I am a grammar buff, and proud to be one. I had no choice in the matter. Spelling and grammar were areas where my parents were not lax. They wanted their kids to be articulate. We all had our grammar corrected immediately upon using the wrong word. They had a great deal of help from the Catholic nuns who educated us, who were nothing if not rigorous in teaching us the King’s English. Every grandchild, when visiting, got corrected as well. I thanked Mom and Dad many times for the gift of that early correction. Sam has thanked me many times for the same.
If a wine snob is one who appreciates fine wine, I must be a grammar and spelling snob. I like “buff “or “aficionado” better. My brain lights up when I see misspellings and hear bad grammar! I want to rectify both! I have many friends who use poor grammar and I always notice it. It is all over TV; even my favorite reality TV host uses it. Sports analysts (and Sam would agree) and broadcasters are not known for good grammar. The morning talk shows are sprinkled every day with grammar missteps. Yes, I notice every one.
Mom and Dad raised an S & G buff. I raised an S & G buff, and I have no doubt that if Sam has kids someday, their speech will be readily corrected by their papa. Because Sam had college journalism classes, he is even more knowledgeable about high level grammar rules than I am.
I have been able to use my particular area of passion in my job. My subbing in the schools was a prime place to make a difference. I swear parents don’t correct poor speech anymore. When a student asked or told me something like, “Can him and me go to the library?” I would just calmly say every time, “Ask me again using proper English.” It may have taken 3 or 4 tries, but they eventually got it right. And then I told them how they could not make that mistake again. Of course I was there only one day at a time, and without daily reinforcement, I’m sure my efforts to teach a few grammar rules went by the wayside, but I put my due diligence in anyway. I never let poor grammar slip.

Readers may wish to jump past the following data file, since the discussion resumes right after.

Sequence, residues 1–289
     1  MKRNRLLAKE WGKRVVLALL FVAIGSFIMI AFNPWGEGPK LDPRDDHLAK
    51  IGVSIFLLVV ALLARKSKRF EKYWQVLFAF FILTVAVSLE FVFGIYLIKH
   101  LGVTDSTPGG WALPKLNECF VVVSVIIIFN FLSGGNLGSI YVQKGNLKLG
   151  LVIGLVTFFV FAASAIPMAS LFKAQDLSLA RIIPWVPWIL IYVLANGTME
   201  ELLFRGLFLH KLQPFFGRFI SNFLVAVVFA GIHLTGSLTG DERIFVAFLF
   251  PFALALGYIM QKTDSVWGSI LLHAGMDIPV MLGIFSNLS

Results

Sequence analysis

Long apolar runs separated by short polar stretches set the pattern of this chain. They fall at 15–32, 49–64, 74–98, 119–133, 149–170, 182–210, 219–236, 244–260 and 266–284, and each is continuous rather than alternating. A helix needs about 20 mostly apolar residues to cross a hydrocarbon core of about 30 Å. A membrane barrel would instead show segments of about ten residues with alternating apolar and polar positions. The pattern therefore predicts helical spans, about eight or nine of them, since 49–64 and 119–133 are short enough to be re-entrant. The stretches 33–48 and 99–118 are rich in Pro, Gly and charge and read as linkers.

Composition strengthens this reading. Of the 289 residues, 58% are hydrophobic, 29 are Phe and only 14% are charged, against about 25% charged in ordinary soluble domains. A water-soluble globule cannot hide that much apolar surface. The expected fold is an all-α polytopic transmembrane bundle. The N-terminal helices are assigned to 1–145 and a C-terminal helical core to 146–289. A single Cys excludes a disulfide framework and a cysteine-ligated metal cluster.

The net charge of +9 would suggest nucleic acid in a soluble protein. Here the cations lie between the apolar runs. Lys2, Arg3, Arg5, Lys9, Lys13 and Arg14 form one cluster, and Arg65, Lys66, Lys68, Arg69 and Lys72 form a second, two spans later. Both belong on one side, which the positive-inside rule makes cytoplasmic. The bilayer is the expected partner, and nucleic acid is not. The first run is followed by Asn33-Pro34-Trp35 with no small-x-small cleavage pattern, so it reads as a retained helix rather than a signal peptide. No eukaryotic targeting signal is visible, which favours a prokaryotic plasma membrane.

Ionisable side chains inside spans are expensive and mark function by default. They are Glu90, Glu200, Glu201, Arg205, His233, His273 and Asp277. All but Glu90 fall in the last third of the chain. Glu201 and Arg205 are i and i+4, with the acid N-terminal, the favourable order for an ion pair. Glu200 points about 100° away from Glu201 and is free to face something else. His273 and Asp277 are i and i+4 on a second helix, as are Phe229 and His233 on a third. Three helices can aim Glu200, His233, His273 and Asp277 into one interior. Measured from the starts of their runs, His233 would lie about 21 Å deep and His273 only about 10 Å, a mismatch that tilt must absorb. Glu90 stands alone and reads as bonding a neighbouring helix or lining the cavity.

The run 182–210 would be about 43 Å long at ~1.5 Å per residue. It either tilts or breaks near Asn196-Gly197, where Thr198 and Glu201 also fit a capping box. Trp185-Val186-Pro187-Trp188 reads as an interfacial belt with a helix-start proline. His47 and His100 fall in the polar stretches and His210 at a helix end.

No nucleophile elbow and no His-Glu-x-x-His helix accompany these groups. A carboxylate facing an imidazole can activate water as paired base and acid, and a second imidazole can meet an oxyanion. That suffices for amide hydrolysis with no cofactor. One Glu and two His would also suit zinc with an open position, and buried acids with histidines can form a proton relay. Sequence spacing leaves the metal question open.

In 20 years, I’ve rarely heard a teacher correct grammar in a student. Many of our teachers themselves have poor skills. THEY never learned well. One day a classroom teacher said in a conversation with me, “Him and Gary played tennis with I and Ann.”(names changed) I honestly cringed to my core. I went home and told my husband that our schools are failing our kids through parents who don’t care about speech and through many of our teachers. Not all of them. But definitely some of them. How can they turn their students into well-spoken adults when they themselves are not articulate?
My biggest bug-a-boo is with pronoun use. Learning how and when to use nominative pronouns and objective pronouns correctly should be taught from 2nd grade on. If kids learn it early----and it’s so easy to learn---- they will know it forever.
The second thing that I hear way too much of is using an adjective where an adverb should be: “He drove real careful.” (carefully, not careful) “He did good in that game.” (well, not good).
Then there is the “like” word that has permeated our culture, used multiple times in a sentence before verbs, nouns, adverbs and adjectives. What a meaningless word. Nothing sounds so “backwoods” to me as someone who cannot form a sentence without using “like.” I just like hope it is like just a fad and that it like eases its way out of our English vernacular like very soon.
Once I was subbing and saw a notice I was to send home with kids for their parents to sign. I read it and found 4 spelling and grammar errors in the notice. I left a note for the teacher and did not send it out. Our college education classes need to stress good grammar and spelling so that these young educators can pass that on.
Okay, this has become a lecture and I never intended it to be that. What I want to say is: Parents and grandparents, if you notice poor grammar, correct it. Teach it to your little ones. Pass on the gift of becoming articulate. If you don’t know good grammar, there are hundreds of resources where you can learn it! Turn your kid into a grammar and spelling buff!